- Block Test III
- Wake Turbulence
- VFR Arrivals
We had Block Test III today, which covered lessons 14-18 (up through ground control). I got 2 wrong and walked away with a 94%.
Afterwards came a brutally dry session of Wake Turbulence lessons and practical examples. The best way I've found to describe Wake Turbulence is as a logic puzzle. It's a seemingly endless combination of "If A = B then B = C... but does C = A?" puzzles that just become a little mind-numbing. There's a lot of factors to take into account, from aircraft size to the departure point on the runway.
The problem is that, as dry as it is, it is absolutely vital to successfully passing this course. You will be making a ton of "HOLD FOR WAKE TURBULENCE" and "CAUTION WAKE TURBULENCE" calls throughout your training. You need to know it well enough that it will just roll off your tongue without a thought, because when you're getting busy you can't stop and think about anything.
However, I think I've broken it down to its essence. The packet we were being taught from was pretty lengthy and it went into a lot of unnecessary detail and repetition. I like things simple, and I think I managed to simplify it enough to put it into a few basic rules.
To start, there's three common factors for each Wake Turbulence rule:
- Holding time
- Can it be waived?
- Is it measured from when the aircraft begins its takeoff roll, or from when it rotates and leaves ground?
3 Minute Holds (Non-waiverable / Timed from Aircraft Rotation):
- Anything at an intersection behind a Heavy/Boeing 757.
- All departures in the opposite direction of a departing Heavy/Boeing 757.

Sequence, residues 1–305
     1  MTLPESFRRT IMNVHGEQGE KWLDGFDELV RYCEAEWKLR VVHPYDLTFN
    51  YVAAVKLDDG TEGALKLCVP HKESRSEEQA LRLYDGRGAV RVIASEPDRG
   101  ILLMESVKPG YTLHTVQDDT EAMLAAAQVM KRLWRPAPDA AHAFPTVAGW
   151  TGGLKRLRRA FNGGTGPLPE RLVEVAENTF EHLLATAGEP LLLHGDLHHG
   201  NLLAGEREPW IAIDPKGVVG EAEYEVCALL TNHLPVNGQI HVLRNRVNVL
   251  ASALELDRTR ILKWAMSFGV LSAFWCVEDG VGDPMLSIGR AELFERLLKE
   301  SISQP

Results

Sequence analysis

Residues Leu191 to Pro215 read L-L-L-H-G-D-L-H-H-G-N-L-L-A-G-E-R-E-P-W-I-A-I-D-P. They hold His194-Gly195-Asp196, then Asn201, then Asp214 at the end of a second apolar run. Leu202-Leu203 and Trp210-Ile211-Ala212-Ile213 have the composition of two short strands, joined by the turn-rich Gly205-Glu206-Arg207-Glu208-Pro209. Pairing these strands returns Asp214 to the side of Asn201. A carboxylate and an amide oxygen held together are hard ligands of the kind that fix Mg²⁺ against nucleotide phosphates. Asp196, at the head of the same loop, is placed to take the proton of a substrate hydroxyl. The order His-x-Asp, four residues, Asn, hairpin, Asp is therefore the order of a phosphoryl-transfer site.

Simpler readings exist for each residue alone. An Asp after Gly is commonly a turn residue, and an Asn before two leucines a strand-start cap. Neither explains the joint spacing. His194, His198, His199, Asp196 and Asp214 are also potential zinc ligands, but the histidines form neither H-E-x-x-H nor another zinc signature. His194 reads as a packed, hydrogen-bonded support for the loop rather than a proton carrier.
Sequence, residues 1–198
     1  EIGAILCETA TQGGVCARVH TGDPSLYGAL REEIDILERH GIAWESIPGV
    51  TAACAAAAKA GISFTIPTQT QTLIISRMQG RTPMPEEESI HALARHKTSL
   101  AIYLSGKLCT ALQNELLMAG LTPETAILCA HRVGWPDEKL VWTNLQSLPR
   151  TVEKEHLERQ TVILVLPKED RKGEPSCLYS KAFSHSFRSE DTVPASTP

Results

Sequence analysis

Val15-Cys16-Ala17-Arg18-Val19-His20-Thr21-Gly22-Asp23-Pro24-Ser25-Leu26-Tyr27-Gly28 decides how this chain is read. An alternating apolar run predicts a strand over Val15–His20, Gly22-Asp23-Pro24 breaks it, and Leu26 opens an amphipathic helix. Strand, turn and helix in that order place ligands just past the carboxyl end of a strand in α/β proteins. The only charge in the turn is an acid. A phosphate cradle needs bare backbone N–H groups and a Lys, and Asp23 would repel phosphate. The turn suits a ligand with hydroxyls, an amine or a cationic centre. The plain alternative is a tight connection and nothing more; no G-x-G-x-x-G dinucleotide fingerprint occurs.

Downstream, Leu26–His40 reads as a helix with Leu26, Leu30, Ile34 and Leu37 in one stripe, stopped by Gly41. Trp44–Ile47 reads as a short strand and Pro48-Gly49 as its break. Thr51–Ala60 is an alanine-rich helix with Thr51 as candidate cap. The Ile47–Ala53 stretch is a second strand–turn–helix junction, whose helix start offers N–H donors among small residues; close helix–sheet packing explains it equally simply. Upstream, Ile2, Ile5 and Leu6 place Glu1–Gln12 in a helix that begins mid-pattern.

Simplified: If you're taking off behind a Heavy/B757 from anywhere other than the Heavy's end of the runway, you're getting 3 minutes.
3 Minute Holds (Waiverable / Timed from Aircraft Rotation):
- Small behind a Large or Small behind a Small-Plus at an intersection - same or opposite direction.
- Small departure from opposite direction behind Large departure or Large low/missed approach.
Simplified: If you're taking off after a Small or Large from anywhere other than the other aircraft's end of the runway, you're getting 3 minutes... but you can waive it.
2 Minute Holds (Non-waiverable / Timed from start of Takeoff Roll):
- Anything (Small, Large, Heavy) behind a Heavy/Boeing 757 that's departing from the same runway end the Heavy started its takeoff roll from.
- Parallel runway departures where the flight path of a departing aircraft will take it through the flight path of a Heavy/Boeing 757 departing ahead of it from the parallel runway.
- Departure from intersecting runways following a Heavy/Boeing 757 if the Heavy's runway intersects the departure's runway.
Simplified: If you're taking off after a Heavy, or your path will intersect with a Heavy - either in the air or on the ground - you're getting a non-waiverable 2 minute hold.
These can all be cleared for immediate takeoff.
- Small behind a Small (duh).
- Small behind a Small-Plus
- Small behind a Large
- Small-Plus behind a Large
- Large behind a Small
- Large behind a Small-Plus
- Large behind a Large
After the Wake Turbulence lectures, we started learning more about the tools needed for maintaining proper VFR separation and managing traffic flow. Examples include "MAKE RIGHT THREE-SIXTY" and "CONTINUE DOWNWIND".
Included in this was the happy-fun of Same Runway Separation. This covered Cat I, II, and III separation minimums, which varied depending on which type of aircraft was landing and/or taking off.
Today's Note: Red Earth Festival is coming this weekend. I'm psyched. I have a thing for native cultures and art, so I'm looking forward to checking out the different exhibitions, music, performances, and what-not. I'll be in class for its first day (Friday the 1st) but I'll definitely be checking it out over this coming weekend.